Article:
Fifteen years ago, you saw Blockbuster overpower your local video store (for me it was Video Station and Doorstep Video) for VHS tapes. Five years ago, you might have been asking if you should get your DVDs from Netflix or Blockbuster. Now, as we enter into the “watch TV through Internet” phase, you have a new decision – Netflix, Amazon Prime, or even Hulu Plus. Each offers some great content, but which one should you go with for your streaming video rental needs?
Netflix – The Good
Netflix has been around for many years and is synonymous with TV and the Internet. They have DVD rentals and streaming rentals, so you can choose what works best for you – even choose both. Streaming starts at $7.99 and had thousands of titles. TV series, movies and now original content. Unlimited movies online.
In 2011, Netflix announced they will continue the TV show Arrested Development. They have been trying for other canceled shows like “The Event” and “Terra Nova”, although those deals have fallen through. Netflix also created the original series “Lilyhammer” and is in production of another show “Orange Is The New Black”, a series by Jenji Kohan, the creative genius that brought you “Weeds” on Showtime.
Netflix is available on almost all devices – game systems like Xbox 360, Nintendo Wii, and PS3. Over the top television with the Internet like Roku and Boxee. Netflix is also integrated into many in-app TV and Blu-Ray players.
Netflix – The Bad
Netflix had some bad press in the last year. They first split the rentals from the streaming, which doubled the price if you wanted both. Then, they tried to get the DVD rental side ready for sale. The new name – Qwikster – was a failed experiment that was quickly pulled.
Netflix also lost some major players in movies. Sony pulled out last year, so many titles disappeared from the shelves. They used to partner with Starz, in which you could watch the channel live from the website. However, that contract dissolved, and Starz pulled all their content off the site last month.
Netflix now relies on TV series to power their system. The frequency of new movies is minimal. Netflix does add older movies, but most of these are mid-shelf content. Some cult classics like “Office Space” are part of the library, however, the real question is if there is enough content to keep you coming to Netflix to watch something.
The most disappointing part of Netflix is they don’t offer to rent other movies online. I would pay a couple of bucks to watch something newer than what’s in their regular library. It might just give Netflix some new titles to excite the use of this service.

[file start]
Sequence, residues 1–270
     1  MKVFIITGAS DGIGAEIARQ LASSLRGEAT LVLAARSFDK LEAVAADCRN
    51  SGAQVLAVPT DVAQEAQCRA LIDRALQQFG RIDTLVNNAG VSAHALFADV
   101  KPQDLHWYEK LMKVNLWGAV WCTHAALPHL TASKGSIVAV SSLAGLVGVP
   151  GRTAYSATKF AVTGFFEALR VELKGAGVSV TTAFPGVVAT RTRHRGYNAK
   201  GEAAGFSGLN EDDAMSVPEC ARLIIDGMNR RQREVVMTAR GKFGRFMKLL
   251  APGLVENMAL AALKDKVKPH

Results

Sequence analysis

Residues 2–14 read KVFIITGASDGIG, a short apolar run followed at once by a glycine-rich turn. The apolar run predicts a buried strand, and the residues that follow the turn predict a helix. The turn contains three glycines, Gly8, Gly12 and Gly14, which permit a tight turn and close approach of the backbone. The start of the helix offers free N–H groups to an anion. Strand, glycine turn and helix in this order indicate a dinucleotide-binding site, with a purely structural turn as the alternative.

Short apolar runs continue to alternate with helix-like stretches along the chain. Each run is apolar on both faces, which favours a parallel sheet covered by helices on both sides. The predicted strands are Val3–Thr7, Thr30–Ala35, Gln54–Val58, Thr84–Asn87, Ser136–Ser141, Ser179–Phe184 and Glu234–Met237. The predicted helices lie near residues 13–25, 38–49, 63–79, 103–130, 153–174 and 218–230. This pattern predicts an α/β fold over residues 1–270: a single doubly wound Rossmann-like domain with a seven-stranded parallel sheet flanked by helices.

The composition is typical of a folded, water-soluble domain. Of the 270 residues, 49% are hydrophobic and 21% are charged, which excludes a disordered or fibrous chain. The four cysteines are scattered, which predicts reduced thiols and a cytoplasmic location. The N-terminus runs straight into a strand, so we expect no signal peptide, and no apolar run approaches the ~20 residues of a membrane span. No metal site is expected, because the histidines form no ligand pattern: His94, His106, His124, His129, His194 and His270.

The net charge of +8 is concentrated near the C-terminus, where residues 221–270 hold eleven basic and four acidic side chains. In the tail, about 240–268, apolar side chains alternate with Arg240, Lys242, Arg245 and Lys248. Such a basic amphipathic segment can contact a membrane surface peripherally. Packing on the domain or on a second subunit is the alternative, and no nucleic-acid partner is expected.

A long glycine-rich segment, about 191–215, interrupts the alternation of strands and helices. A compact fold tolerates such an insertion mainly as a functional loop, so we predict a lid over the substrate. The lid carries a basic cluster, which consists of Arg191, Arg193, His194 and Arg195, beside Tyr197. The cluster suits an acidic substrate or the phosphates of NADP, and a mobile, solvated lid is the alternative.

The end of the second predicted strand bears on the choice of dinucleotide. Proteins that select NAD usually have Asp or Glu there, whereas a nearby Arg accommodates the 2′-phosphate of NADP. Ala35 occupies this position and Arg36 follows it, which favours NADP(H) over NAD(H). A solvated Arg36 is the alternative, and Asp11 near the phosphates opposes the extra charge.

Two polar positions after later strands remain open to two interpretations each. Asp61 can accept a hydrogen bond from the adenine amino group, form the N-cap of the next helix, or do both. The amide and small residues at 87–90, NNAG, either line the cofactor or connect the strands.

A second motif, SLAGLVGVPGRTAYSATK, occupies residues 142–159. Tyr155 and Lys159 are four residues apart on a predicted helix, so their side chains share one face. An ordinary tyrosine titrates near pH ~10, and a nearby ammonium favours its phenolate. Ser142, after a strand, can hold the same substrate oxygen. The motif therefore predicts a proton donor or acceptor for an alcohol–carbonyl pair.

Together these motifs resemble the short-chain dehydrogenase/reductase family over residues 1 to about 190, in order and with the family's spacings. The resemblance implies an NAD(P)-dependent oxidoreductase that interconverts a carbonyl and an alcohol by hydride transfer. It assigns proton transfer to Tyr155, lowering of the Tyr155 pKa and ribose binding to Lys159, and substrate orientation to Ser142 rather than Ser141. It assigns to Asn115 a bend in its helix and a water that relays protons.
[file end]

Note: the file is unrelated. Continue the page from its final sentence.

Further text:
Amazon Prime – The Good
Amazon has started their Prime service a year ago to offer live TV and movies. The prime service gives you more than just renting movies and TV. You can also get free two-day shipping for whatever you order on Amazon.com. Prime users can get special deals on items that others don’t see.
You can also rent movies online. Better yet, if you like the movie, you can choose to buy that movie online. You can watch movies from your TV or when your out and about on the Kindle Fire.
Amazon Prime – The Bad
The biggest problem is interfaces. It can really be tough to search through movies and TV shows. It would really be nice to see a recommendation engine and an organized area of what you have watched before. Amazon also disables the remote control features on some TV shows, so you cannot rewind to watch a part you may have missed.
Amazon Prime is also a yearly membership – $80 a year for the service. While it’s not bad, some people would rather see a monthly subscription model. Even a Quarterly subscription might be more palatable than yearly.
Hulu Plus – The Good
Hulu came on the scene a couple of years ago with their service. Contracts with NBC, ABC, and FOX allowed them to post TV content within 24 hours of airing on the network. Hulu Plus is a monthly service that gives you the opportunity to watch the whole season, instead of only the 2-3 latest episodes.
Hulu Plus has a large library of TV shows, movies, and original content. Their latest TV show – Battleground – actually was based in my hometown of Madison, WI, following the campaign of a state senator.
New movies and TV shows are added daily – Even special events like the Superbowl Adzone are available on Hulu Plus.
Hulu is available for free, but to get it on an over the top TV source – like Roku – you will have to pay the monthly fee.
Hulu Plus – the Bad
In a nutshell – commercials. Whereas Amazon and Netflix have no commercials in their services, Hulu Plus will have up to 8 commercials within a 30-minute episode of a show. Granted, they have the newest content of the three, but viewers are also paying $8 a month for commercials.
Then again, if you pay for cable TV, you also get commercials…
Another downfall is their content viewing conditions. For some reason, you cannot watch The Simpsons on Roku, but if you log in through your computer to Hulu, you can catch up on the longest-running TV cartoon. It’s not that many shows, but it still does sting when I really want to see last Sunday’s episode.
Vudu is Walmart’s service. It is also seen on many TVs and Blu-Ray players. Just a couple of weeks ago, they announced a new service – bring in your DVDs, and for $2 a title, you can digitize your movies to watch anywhere, anytime on their service.
iTunes is also another alternative, although it has some very strict limitations. More to the point – you can only watch your content on Apple OTT devices – there is no Roku or Boxee app.
Android Market is also an up-and-coming service. So far, the same is true with Android that with Apple – besides a PC, you cannot watch those programs on OTT devices.
What About Blockbuster?